The question is whether these doses are really a threat to health or not

It is true that in animal experimentation, a model from which most conclusions about Acrylamide have been drawn, the doses used are quite high and most of us do not even come close only with food intake.

However, our diet continues to change for the worse and the rise in the intake of ultra-processed products and refined carbohydrates means that the amounts of Acrylamide present in our diet continue to grow (3).

Toast and Acrylamide

We must prevent the toast from “burning”…

As a curious fact, the largest source of Acrylamide in the Western diet is bread (besides the largest source of salt and probably carbohydrates). And we eat a lot, a lot of bread

How is acrylamide absorbed, metabolised and distributed?

We can come into contact with Acrylamide in three different ways:

  1. Through the skin (cosmetics),
  2. Through the respiratory system (for example, by breathing tobacco smoke), or
  3. Through the digestive tract (with food).

Tobacco smoke and Acrylamide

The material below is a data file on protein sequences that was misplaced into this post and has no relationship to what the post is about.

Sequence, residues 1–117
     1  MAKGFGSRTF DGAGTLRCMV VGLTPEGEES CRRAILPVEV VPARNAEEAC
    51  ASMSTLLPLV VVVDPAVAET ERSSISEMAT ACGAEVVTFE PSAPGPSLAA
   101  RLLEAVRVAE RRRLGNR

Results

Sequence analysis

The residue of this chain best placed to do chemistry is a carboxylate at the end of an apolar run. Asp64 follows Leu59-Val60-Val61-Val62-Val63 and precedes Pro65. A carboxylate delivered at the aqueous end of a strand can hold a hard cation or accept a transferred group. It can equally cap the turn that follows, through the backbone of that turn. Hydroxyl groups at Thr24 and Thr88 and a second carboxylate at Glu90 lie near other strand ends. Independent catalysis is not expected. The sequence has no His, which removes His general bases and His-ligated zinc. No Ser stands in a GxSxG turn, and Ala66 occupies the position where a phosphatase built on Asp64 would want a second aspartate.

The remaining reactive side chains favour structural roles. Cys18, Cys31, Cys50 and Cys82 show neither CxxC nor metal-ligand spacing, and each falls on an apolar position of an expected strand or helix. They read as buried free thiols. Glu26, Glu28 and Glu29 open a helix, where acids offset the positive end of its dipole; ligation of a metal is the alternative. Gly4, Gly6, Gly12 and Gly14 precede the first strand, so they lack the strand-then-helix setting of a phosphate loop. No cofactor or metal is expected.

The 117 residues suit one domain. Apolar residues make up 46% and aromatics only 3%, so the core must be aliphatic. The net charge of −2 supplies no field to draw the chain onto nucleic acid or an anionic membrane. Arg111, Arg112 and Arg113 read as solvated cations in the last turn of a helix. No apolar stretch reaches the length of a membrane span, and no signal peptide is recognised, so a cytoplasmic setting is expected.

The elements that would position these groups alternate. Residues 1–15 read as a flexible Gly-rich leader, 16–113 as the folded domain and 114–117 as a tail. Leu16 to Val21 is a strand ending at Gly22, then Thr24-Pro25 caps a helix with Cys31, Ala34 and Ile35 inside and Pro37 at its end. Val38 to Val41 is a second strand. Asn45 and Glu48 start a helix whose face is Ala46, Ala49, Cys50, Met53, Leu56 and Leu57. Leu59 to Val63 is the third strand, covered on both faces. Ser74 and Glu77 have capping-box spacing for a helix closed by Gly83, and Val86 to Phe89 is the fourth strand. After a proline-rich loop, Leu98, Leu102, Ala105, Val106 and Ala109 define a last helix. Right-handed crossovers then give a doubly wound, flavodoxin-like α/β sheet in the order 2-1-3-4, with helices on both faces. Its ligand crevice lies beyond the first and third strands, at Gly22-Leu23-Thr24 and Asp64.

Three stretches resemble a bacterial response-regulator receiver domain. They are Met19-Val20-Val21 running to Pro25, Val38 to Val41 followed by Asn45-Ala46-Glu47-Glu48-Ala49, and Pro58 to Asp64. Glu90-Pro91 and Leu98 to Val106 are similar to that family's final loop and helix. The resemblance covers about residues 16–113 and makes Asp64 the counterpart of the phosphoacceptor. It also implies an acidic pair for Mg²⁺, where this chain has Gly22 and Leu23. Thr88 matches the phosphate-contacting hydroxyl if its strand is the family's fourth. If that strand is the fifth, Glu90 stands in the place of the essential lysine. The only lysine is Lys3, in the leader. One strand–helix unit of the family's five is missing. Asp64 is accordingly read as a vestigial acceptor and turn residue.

Acrylamide (AA) is metabolized in the liver by the Cytochrome P450 enzyme system to give another toxic compound, Glycidamide, which will be metabolised by Glutathione Reductase (GSH), producing Glutathione conjugates that are excreted in the urine.

As a worrying fact, only 50% of daily Acrylamide is “purified”, and its half-life is 2 to 7 hours (quite long)

That is, our body has a hard time getting rid of this toxin

Toxic effects of acrylamide

Let’s now look at the potential health effects of Acrylamide.

Increased oxidative stress and genotoxic effects

Oxidative stress occurs when the content of reactive oxygen species (ROS) exceeds the rate of their neutralization by antioxidant agents.

When there is an excess of ROS circulating around the body, they bind to elements such as lipids, producing lipid peroxidation or even more dangerous,peroxidation in our DNA. One of the most feared consequences of oxidative stress is the oxidation of DNA bases and the fragmentation of the DNA double helix.